Yee v. Escondido, 503 U.S. 519, 16 (1992)

Page:   Index   Previous  7  8  9  10  11  12  13  14  15  16  17  18  19  20  21  Next



Opinion of the Court

tory taking as applied to petitioners' property would be unripe for this reason, see Williamson County Regional Planning Comm'n v. Hamilton Bank of Johnson City, 473 U. S. 172, 186-197 (1985), petitioners mount a facial challenge to the ordinance. They allege in this Court that the ordinance does not " 'substantially advance' " a " 'legitimate state interest' " no matter how it is applied. See Nollan v. California Coastal Comm'n, supra, at 834; Agins v. Tiburon, 447 U. S. 255, 260 (1980). As this allegation does not depend on the extent to which petitioners are deprived of the economic use of their particular pieces of property or the extent to which these particular petitioners are compensated, petitioners' facial challenge is ripe. See Keystone Bituminous Coal Assn. v. DeBenedictis, 480 U. S., at 495; Agins, supra, at 260.

We must also reject respondent's contention that the regulatory taking argument is not properly before us because it was not made below. It is unclear whether petitioners made this argument below: Portions of their complaint and briefing can be read either to argue a regulatory taking or to support their physical taking argument. For the same reason it is equally ambiguous whether the Court of Appeal addressed the issue. Yet petitioners' regulatory taking argument stands in a posture different from their substantive due process claim.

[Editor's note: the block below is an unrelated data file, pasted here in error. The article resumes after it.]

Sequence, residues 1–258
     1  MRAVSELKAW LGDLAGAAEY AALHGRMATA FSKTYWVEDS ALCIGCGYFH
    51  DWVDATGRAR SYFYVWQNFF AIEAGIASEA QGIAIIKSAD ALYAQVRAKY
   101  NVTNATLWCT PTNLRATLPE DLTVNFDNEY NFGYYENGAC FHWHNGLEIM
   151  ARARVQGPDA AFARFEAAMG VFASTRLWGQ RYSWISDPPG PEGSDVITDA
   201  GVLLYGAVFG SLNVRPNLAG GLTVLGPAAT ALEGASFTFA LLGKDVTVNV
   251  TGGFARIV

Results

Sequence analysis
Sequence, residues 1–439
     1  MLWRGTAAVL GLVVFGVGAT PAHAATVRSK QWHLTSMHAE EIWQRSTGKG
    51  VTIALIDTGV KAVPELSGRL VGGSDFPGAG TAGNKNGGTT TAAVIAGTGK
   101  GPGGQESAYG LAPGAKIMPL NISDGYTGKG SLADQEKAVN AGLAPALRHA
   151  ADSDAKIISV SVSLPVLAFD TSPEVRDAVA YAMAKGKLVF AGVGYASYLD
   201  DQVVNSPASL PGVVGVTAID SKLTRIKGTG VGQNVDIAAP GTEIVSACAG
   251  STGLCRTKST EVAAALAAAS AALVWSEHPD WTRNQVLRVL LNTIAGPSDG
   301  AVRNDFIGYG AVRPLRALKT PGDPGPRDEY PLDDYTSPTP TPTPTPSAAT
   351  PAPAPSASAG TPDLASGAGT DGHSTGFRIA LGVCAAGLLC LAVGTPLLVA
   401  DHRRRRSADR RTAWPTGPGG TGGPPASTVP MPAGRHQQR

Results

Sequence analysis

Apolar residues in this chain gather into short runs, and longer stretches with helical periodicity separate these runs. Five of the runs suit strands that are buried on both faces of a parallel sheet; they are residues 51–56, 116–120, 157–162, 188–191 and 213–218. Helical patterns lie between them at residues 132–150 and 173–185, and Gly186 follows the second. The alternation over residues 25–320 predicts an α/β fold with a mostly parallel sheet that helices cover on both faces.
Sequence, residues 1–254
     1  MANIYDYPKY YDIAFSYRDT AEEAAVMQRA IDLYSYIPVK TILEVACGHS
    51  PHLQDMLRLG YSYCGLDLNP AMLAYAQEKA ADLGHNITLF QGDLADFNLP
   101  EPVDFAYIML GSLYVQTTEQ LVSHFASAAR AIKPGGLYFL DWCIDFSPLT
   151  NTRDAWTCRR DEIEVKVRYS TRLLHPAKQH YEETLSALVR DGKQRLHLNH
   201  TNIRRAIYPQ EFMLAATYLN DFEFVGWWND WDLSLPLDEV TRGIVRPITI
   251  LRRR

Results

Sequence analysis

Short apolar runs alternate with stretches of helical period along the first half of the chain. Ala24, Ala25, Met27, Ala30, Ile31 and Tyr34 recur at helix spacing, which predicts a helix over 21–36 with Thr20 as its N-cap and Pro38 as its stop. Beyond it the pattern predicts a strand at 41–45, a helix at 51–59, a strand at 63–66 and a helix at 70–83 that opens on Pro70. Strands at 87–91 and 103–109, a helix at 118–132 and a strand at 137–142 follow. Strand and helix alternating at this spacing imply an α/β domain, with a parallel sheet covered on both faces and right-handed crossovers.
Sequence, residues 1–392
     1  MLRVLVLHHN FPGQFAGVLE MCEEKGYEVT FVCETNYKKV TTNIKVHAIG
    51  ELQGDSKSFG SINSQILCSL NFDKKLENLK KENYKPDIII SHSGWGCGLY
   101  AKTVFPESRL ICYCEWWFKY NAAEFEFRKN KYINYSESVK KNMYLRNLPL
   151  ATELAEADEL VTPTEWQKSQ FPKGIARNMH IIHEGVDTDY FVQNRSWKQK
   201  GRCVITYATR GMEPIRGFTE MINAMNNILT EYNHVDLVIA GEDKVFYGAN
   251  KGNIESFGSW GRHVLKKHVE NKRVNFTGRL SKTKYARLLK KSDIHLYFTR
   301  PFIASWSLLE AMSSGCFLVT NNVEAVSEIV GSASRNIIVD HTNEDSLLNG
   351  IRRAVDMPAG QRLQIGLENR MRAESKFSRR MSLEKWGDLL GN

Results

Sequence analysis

Petitioners unquestionably raised a taking claim in the state courts. The question whether the rent control ordinance took their property without compensation, in violation of the Fifth Amendment's Takings Clause, is thus properly before us. Once a federal claim is properly presented, a party can make any argument in support of that claim; parties are not limited to the precise arguments they made below. Bankers Life & Casualty Co. v. Crenshaw, 486 U. S. 71, 78, n. 2 (1988); Gates, supra, at 219-220; Dewey v. Des Moines, 173 U. S. 193, 197-198 (1899). Petitioners' arguments that the ordinance constitutes a taking in two differ-

Page:   Index   Previous  7  8  9  10  11  12  13  14  15  16  17  18  19  20  21  Next

Last modified: October 4, 2007